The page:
Arctic Organist On The Move

No, Sarah and I aren’t moving!

However, this blog is now ‘full’. All the space for pictures has been used, so we’re starting a new blog cunningly titled Arctic Organist 2. The new address https://arcticorganist2.wordpress.com/

If you have been a ‘follower’ of this blog, you will need to subscribe to the new blog in order to keep getting updates. To do this, go to the new blog, click the black ‘FOLLOW’ button at the right hand side, and follow the instructions. If you have trouble, send me an email jonblamire@googlemail.com

All the posts to date will remain on this blog for your viewing pleasure.

Thank you for following this far, we look forward to the next step.

Our Other Summer Holiday – 2

The excitement continues. Part 1 was here. We continued with:

A visit to try out the organ at Sandnes Kirke:

More details here, for the organ interested. Also a 360 degree panorama here.

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Outdoor showers (very cold):

The waterfall was bigger in real life:

A trip to the seaside:

We passed a very posh, but very isolated bus stop on the way. The beach looked idyllic, but too many jellyfish to swim that day.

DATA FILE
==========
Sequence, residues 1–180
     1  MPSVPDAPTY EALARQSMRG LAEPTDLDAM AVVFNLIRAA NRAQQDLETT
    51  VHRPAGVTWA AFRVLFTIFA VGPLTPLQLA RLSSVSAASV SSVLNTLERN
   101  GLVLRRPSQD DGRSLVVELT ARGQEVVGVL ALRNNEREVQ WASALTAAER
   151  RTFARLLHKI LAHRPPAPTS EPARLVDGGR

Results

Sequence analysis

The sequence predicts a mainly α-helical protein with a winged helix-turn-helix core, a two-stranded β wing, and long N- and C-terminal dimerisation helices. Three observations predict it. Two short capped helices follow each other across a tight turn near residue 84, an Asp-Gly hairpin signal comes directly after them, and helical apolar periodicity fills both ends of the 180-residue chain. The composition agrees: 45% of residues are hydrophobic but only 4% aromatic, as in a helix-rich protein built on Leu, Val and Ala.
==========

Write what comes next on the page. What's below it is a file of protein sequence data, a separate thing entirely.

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Our_Other_Summer_Holiday_-_2_030 Here is the sea in slow motion:

And a good deal of sunning ourselves on the veranda (once we got the hang of the hammock:

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A great week. Thanks Tim and Tracy.

Our Other Summer Holiday – 1

We’re just emerging from the school year start up. So, picking up where we left off a month or so ago . . .

Having made it down from Breitind, rather stiff, but at least in one piece, we had our ‘other’ summer holiday. We flew down for a week with Tim and Tracy in the south of Norway. Lots to do, but in a relaxed way, including:

Walks in unfamiliar scenery:

Swimming and kayaking at their ‘private’ beach:

It wasn’t as warm as last year.

Sarah’s birthday:

The candles are purely illustrative avoiding giving away how young she really is! Also not sure why it took three people to light them, including the birthday girl herself.

A visit to the local troll attraction: